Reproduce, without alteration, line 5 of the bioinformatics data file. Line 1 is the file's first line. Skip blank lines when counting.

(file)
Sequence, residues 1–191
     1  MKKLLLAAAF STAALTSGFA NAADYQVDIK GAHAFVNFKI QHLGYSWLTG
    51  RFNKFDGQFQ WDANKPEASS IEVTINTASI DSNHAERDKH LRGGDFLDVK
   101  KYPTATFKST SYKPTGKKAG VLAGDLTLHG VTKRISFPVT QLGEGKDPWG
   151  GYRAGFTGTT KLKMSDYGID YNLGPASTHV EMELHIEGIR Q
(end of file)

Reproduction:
   151  GYRAGFTGTT KLKMSDYGID YNLGPASTHV EMELHIEGIR Q